This is to be considered a landmark paper for several reasons. First, it reports the results of the first large randomized controlled study in critically ill children, which for the first time proved causality of the association between hyperglycemia and adverse outcome in this age group. Since this young age group does not yet suffer from chronic comorbidities, and the time of onset of hyperglycemia is identifiable in a more accurate manner, the effect of the intervention is much clearer than in the adult studies. Second, the study clearly showed that the threshold for toxicity of hyperglycemia in infants and children is much lower than in adults, which brings the target range for blood glucose much closer to the dangerous level of hypoglycemia. This clearly revealed a need for better tools to implement this life-saving therapy in daily clinical practice.
Received 24 editorial comments in scientific journals, besides the accompanying editorial in the Lancet.
Extensive lay press attention (>48.000 hits via google).

7. Mesotten D, Gielen M, Sterken C, Claessens K, Hermans G, Vlasselaers D, Lemiere J, Gewillig M, Eyskens B, Vanhorebeek I, Wouters PJ, Van den Berghe G. 2012 Neurocognitive Development of Children 4 Years After Critical Illness and Treatment With Tight Glucose Control. A Randomized Controlled Trial. Journal of the American Medical Association 308: 1641-50. (ISI IF 2013: 30.387) (cited 32 times)

This paper reports the results of the longterm neurocognitive outcome of the children participating in the first large randomized controlled study in pediatric critical care. As mentioned by the editor in chief of JAMA during the conference where the paper was first presented in a hot topics session, “sometimes the follow-up study of a large RCT is even more important than the original publication, and this is the case for this study”. Indeed, this landmark study showed for the first time that neurocognitive development in children who have been treated in ICU at such a young age is threatened enormously as compared with their siblings, and that avoiding hyperglycemia prevented only part of that terrible legacy of critical illness. This study is the first to show that critical illness in children evokes possibly permanent sequellae, aggravated by metabolic modifiable risk factors. It raised the hypothesis that epigenetic factors could play a role. Further testing the hypothesis that epigenetic changes can be evoked by illness and by the metabolic interventions during critical illness, forms a large part of the planned research of the Methusalem group. The unique longterm studies that are planned to address this concept tick the boxes for the required methodological aspects to be able to address the issue of causality.
This publication received 2 editorial comments in scientific journals, besides the accompanying editorial in JAMA.

8. Vanhorebeek I, De Vos R, Mesotten M, Wouters PJ, De Wolf-Peeters C, Van den Berghe G. 2005 Protection of hepatocyte mitochondrial ultrastructure and function by strict blood glucose control with insulin in critically ill patients. Lancet 365: 53-59.
(ISI IF 2013: 39.207) (cited 253 times)

This is key translational paper bridging the clinical findings of an RCT to an important mechanistic discovery; the benefit of blood glucose control during critical illness is protective for vital organ function through its effect on mitochondria. It opened a whole new field on the role of mitochondria during critical illness. It is highly cited.

9. Langouche L, Vanhorebeek I, Vlasselaers D, Vander Perre S, Wouters PJ, Hansen TK, Skogstrand K, Van den Berghe G. 2005 Intensive insulin therapy protects the endothelium of critically ill patients. Journal of Clinical Investigation 115: 2277-2286.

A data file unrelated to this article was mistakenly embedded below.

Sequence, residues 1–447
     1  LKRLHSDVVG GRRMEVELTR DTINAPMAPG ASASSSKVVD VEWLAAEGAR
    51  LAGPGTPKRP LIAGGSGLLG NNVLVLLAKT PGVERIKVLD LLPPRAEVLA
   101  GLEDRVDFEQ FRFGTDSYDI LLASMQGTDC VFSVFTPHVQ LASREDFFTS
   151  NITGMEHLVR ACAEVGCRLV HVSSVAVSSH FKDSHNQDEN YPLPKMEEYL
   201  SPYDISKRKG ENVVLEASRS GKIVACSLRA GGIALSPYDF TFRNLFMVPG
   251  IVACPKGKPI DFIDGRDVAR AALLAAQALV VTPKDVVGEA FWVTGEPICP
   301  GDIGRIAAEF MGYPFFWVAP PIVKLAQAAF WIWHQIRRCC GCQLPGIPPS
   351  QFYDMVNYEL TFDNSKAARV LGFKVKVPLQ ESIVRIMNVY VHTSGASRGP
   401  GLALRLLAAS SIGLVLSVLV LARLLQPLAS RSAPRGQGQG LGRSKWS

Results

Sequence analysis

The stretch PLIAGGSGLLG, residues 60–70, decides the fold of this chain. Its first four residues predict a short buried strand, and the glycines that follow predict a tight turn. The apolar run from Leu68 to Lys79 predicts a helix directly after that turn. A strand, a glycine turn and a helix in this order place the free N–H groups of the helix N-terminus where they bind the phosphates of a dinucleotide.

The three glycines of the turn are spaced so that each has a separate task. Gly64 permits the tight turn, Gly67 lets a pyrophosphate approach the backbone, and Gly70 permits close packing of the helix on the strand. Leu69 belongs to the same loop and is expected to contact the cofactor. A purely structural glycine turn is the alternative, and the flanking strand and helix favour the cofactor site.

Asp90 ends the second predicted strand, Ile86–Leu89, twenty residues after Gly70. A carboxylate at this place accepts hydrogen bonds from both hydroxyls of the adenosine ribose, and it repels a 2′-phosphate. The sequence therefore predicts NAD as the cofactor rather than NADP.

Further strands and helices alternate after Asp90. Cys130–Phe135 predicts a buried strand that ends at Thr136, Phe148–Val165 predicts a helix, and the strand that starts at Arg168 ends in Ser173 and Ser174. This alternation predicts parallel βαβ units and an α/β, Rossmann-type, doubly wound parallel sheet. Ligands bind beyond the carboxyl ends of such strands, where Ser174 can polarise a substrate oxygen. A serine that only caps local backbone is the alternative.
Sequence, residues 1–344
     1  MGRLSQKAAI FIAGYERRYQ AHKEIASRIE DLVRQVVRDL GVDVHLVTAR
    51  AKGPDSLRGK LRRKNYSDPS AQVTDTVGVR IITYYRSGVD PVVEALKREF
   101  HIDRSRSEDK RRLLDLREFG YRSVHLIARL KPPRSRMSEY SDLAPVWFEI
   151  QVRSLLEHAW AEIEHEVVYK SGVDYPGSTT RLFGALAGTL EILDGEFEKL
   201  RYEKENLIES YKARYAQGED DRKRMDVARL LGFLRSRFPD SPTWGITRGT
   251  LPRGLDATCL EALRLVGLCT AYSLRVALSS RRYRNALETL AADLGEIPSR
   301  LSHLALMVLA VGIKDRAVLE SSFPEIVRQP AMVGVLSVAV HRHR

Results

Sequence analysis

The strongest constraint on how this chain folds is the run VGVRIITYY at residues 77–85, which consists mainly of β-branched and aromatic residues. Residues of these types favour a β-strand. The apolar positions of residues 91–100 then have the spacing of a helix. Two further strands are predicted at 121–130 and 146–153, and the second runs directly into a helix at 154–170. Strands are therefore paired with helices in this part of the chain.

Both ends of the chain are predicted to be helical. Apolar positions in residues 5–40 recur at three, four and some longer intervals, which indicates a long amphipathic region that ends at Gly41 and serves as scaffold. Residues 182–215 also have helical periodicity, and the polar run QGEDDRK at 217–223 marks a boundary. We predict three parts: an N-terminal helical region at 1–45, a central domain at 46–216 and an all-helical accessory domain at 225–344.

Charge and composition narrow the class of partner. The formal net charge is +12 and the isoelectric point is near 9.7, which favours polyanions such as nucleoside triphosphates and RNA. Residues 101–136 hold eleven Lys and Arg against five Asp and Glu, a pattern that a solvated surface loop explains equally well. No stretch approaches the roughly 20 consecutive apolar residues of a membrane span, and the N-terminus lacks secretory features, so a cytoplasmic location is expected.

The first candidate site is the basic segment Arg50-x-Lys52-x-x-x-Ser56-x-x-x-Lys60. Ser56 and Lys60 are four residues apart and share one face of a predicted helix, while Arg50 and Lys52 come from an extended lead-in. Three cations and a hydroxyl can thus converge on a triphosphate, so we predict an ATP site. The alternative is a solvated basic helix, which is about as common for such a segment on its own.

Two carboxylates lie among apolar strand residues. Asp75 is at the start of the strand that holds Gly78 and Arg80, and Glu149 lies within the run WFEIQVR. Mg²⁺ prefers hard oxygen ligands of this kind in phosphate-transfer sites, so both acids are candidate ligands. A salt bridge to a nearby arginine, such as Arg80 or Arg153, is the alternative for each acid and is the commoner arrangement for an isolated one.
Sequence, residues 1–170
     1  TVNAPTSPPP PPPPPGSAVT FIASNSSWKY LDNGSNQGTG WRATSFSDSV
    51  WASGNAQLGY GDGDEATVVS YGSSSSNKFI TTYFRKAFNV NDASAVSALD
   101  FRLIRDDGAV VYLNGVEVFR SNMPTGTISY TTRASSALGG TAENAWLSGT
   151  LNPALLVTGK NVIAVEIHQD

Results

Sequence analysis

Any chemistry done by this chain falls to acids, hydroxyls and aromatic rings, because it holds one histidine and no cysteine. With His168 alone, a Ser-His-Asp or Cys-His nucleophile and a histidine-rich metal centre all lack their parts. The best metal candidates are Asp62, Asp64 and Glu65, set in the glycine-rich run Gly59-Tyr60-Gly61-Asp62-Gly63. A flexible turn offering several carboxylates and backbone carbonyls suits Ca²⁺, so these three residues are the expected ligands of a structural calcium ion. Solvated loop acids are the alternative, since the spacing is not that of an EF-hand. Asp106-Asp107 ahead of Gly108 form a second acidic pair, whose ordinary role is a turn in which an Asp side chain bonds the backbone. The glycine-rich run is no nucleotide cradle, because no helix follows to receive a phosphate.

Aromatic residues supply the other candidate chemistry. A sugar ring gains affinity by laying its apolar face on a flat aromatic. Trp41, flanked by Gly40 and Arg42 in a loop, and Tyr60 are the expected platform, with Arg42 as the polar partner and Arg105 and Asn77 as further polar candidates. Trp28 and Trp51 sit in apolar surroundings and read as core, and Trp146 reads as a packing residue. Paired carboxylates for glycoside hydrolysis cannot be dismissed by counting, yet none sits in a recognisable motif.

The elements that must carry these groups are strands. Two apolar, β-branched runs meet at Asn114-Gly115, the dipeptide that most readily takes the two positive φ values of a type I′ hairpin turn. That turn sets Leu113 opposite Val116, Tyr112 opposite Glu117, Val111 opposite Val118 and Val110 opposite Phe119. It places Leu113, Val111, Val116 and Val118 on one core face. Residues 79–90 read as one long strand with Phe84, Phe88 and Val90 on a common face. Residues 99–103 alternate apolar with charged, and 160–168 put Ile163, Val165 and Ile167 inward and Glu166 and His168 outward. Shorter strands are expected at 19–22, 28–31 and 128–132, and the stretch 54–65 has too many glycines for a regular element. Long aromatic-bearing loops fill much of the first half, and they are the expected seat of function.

(ISI IF 2013: 13.765) (cited 272 times)

This translational paper is a landmark paper as it unraveled the link between the clinical benefits of blood glucose control during critical illness and the protection of the endothelium. It opened a series of new research lines on the role of inflammation, the endothelium and metabolism during critical illness. Also this paper is highly cited.

10. Hermans G*, Casaer M*, Clerckx B, Güiza F, Vanhullebusch T, Derde S, Meersseman P, Derese I, Mesotten D, Wouters P, Van Cromphaut S, Debaveye Y, Gosselink R, Gunst J, Wilmer A, Van den Berghe G*, Vanhorebeek I*. (*contributed equally) Effect of tolerating macronutrient deficit on the development of intensive-care unit acquired weakness: A subanalysis of the epanic trial. The Lancet Respiratory Medicine 2013;1:621-629. (This is a new Lancet subspecialty journal, impact factor should follow) (cited 24 times).

This recent publication is also a landmark paper as it is the first to confirm in human patients the original and quite provocative hypothesis of the team that the catabolic autophagic system is crucial for recovery from critical illness. It is the result of the joint efforts of the mixed clinical/basic research group, underlining the importance and value of a group that operates in such a truly translational setting. The order of the authors in the list is in line with the essential multidisciplinary approach and value.

The study was performed in a unique randomized controlled setting and showed that early supplementation of failing enteral nutrition with parenteral nutrition has no effect at all on muscle atrophy, but suppressed cellular autophagic quality control and increased muscle weakness, as compared with tolerating an important macronutrient deficit up to one week in ICU. Muscle weakness after one week of critical illness was partially explained by impaired autophagy, implying loss of muscle integrity, rather than by muscle atrophy. This opened further perspectives for pharmacological autophagy activation during critical illness for preserving muscle integrity and function and for accelerating recovery. This concept forms the basis of another large part of the planned research, basic and clinical, of the Van den Berghe Methusalem group.

This publication was accompanied by an editorial in Lancet Resp Med and was covered in the lay press.